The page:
(Chris Adrian reads tonight at the Rendezvous at 7 pm, and then he and I will talk about his books, his life, and his influences. It's free.)
Every cell in Chris Adrian's body is engaged in a tireless battle against death. In his day job, his author bio informs us, he is both "a fellow in pediatric hematology-oncology at UCSF" and "a graduate student at Harvard Divinity School." When he's not saving children from death or studying the belief that the soul can survive death, he's writing about our struggle with mortality. His underrated debut novel, Gob's Grief, was about a fragile genius's attempts to build a machine to resurrect all the young men killed in the Civil War. His second book, The Children's Hospital, was a contemporary retelling of the biblical flood, complete with angels, with a hospital in place of the ark.
Adrian's new book, The Great Night, feels lighter—in the best way possible—than his other two novels. It breezes in at just under 300 pages, and while many of the characters are racked with grief, the book is a comedy in the classical Shakespearean sense, in that it ends with a beginning. The Great Night also lifts the mythological elements—the fairies—from Shakespeare's A Midsummer Night's Dream and drops them into Buena Vista Park in modern-day San Francisco. (It's important to note that while Titania, Puck, and the rest could have walked directly offstage from the play, the reader doesn't need to bring any prior experience with them to enjoy The Great Night; it stands on its own.) The fairies interact with three heartbroken humans, manipulating them, as magical creatures are known to do. Fans of Neil Gaiman would enjoy a tumble with this book, finding a familiar comfort in the beachhead between fantasy and reality.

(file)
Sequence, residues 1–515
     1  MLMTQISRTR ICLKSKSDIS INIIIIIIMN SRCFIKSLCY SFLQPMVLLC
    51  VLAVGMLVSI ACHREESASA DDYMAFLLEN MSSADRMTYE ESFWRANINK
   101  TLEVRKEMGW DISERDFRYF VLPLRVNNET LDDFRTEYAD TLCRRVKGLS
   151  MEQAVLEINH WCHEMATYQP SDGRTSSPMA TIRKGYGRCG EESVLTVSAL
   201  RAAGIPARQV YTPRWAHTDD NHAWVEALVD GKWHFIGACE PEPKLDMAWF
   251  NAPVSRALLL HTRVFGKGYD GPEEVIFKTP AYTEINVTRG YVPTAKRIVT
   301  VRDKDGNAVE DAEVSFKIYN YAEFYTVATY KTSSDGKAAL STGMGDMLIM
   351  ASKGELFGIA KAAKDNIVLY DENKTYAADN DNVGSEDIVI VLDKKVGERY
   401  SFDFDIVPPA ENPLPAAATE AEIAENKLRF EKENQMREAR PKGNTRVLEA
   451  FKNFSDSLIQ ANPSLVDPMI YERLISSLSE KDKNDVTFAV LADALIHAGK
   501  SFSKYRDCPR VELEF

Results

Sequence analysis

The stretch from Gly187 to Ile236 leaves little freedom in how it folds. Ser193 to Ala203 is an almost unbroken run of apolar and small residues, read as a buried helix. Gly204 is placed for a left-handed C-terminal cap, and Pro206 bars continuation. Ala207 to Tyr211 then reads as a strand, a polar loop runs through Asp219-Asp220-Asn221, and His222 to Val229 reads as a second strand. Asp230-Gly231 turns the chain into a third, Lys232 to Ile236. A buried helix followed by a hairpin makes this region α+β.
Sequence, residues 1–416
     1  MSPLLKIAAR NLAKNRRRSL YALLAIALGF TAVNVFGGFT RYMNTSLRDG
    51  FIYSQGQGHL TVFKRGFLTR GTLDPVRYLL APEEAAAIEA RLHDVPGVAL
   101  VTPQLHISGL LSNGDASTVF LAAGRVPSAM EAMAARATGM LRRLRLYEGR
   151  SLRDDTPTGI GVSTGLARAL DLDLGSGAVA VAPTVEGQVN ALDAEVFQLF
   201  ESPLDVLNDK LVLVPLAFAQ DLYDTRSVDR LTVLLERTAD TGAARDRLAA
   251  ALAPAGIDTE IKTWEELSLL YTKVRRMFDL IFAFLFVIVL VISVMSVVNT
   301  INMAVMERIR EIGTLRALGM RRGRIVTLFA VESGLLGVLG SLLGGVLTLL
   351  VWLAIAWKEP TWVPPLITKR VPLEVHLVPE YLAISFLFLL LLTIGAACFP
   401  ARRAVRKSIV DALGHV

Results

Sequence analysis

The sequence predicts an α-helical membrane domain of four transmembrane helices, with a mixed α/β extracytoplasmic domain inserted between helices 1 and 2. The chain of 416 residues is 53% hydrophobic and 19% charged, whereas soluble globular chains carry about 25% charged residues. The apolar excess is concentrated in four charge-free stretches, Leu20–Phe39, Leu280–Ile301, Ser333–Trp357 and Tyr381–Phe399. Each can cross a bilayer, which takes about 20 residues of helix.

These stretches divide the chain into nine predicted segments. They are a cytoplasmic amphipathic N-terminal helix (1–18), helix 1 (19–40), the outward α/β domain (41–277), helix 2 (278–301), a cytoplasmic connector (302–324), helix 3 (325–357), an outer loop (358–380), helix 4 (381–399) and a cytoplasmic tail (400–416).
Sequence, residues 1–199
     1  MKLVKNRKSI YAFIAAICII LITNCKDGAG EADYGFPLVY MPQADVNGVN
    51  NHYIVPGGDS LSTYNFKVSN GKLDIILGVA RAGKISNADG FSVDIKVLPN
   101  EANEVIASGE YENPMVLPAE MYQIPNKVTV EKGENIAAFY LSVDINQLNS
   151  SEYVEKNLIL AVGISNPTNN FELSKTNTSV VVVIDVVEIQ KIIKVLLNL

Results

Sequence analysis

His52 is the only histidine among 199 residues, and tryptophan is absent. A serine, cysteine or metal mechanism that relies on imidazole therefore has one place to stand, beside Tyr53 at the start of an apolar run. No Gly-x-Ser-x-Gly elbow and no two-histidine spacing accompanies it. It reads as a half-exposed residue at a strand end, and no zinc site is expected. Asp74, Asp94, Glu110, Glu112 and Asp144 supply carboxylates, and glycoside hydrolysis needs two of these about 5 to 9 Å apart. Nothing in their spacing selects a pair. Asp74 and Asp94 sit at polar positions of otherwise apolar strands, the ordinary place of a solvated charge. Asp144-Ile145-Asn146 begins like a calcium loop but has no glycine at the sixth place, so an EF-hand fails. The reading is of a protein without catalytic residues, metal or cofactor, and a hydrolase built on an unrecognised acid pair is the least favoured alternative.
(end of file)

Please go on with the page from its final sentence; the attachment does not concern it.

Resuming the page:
But the most heartening thing about The Great Night is that Adrian focuses on one of the happiest ways humans do battle with death every day—which is a polite way of saying that the book is full of fucking.